ArtsAutosBooksBusinessEducationEntertainmentFamilyFashionFoodGamesGenderHealthHolidaysHomeHubPagesPersonal FinancePetsPoliticsReligionSportsTechnologyTravel

Why carbon dioxide in the oceans is a problem

Updated on May 20, 2016

Is there CO2 in the oceans?

Carbon dioxide (CO2) is a greenhouse gas (GHG) that has been implicated in causing climate change. We generally know this but what is less known is that increasing CO2 in the oceans is a big a problem as climate change. Perhaps not many people realize that oceans absorb atmospheric CO2. Even less realize that increasing CO2 in the oceans is actually a big problem.

Oceans and the carbon cycle

When CO2 is released into the atmosphere (whether it is a natural emission or human-induced emission) some of it stays there but some of it is cycled to other areas of the globe. Organisms, especially plants, uptake some of this CO2. Forests, for example, are carbon sinks where they can absorbed more carbon than they emit. Soils also act as a carbon sinks leading to some governments undertaking programs for farmers to take up carbon in their soil for carbon credits. This is also known as carbon farming.

But the oceans actually absorbed a very significant proportion. Approximately one third, or 30%, of the CO2 that is emitted into the atmosphere is absorbed by oceans. Therefore, with increasing amount of CO2 in the atmosphere, there is also an increasing amount of CO2 in the oceans.


The process of ocean acidification

Ocean acidification is explained in detail elsewhere. Briefly, CO2 entering the ocean becomes dissolved and changes the water chemistry. When CO2 reacts with water it forms carbonic acid which then dissociates into hydrogen ions and bicarbonate ions. When hydrogen ions increase in a solution, the pH decreases or becomes more acidic. So increasing CO2 in the ocean is decreasing the pH and leading to ocean acidification.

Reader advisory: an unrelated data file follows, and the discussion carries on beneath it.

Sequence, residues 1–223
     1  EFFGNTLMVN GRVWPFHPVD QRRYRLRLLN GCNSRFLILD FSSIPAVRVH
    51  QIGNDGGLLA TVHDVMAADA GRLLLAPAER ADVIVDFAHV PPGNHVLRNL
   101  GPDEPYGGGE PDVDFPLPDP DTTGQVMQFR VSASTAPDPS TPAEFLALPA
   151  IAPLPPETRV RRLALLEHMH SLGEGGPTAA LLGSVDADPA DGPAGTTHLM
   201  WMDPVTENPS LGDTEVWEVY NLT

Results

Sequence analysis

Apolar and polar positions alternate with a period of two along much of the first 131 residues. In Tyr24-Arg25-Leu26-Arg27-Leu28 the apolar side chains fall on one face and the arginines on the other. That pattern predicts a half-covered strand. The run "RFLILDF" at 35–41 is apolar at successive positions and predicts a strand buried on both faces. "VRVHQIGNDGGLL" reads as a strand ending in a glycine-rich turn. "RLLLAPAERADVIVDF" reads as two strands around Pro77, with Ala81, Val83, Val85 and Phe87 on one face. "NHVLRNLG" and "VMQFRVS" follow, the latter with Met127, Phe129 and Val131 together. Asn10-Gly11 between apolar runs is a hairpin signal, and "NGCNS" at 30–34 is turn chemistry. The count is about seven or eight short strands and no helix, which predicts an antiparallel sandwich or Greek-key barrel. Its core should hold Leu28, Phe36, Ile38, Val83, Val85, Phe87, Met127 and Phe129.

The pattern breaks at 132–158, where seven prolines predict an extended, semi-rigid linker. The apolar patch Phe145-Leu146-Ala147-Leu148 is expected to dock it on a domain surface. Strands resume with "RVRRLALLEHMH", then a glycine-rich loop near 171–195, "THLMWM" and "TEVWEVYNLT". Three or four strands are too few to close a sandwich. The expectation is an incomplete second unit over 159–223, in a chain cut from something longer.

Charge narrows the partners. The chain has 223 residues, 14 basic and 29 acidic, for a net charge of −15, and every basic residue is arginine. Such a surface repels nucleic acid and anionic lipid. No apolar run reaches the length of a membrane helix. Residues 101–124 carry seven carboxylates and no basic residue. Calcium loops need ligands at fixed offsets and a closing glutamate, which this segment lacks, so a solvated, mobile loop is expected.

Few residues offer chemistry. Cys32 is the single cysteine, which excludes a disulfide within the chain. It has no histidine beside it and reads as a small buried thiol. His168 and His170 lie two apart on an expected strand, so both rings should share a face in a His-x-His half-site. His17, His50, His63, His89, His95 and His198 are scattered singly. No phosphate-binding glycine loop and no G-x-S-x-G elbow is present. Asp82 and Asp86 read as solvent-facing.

More precisely, increasing CO2 is leading the oceans to become less alkaline. In pre-industrial times, the pH of the ocean was 8.2. Today, the pH of the oceans is approximately 8.1. By the year 2100 it is predicted to be approximately 7.8. Therefore, the oceans are not becoming a sea of acid, rather a sea of less alkalinity.

Ocean acidification explained in 2 minutes

Small changes, big problems

Oceans with less alkalinity doesn’t sound as scary as ocean acidification. Additionally, a change in pH from 8.2 to 7.8 seems rather trivial. But scientific evidence shows that even this small shift in ocean pH can lead to big problems.

Ocean acidification is leading to a decrease in carbonic ions in the oceans. This ion is critical for many marine organisms to form their hard shells and skeletons. Developing a strong body for organisms such as corals, molluscs and crustaceans will become a problem. If these organisms cannot survive, then it could lead to wider ecological and ecosystem issues. For example, thousands of species, including humans, depend on corals. If corals should collapse, then this will lead to significant environmental problems.


Research shows ocean acidification is already a problem

Scientists have been performing many experiments on how future changes in ocean acidification will impact on marine organisms, although some caution has been expressed over the validity of experimental parameters in certain experiments. For example, in near-shore ocean environments, particularly where there is extensive seagrass vegetation, pH can vary quite widely.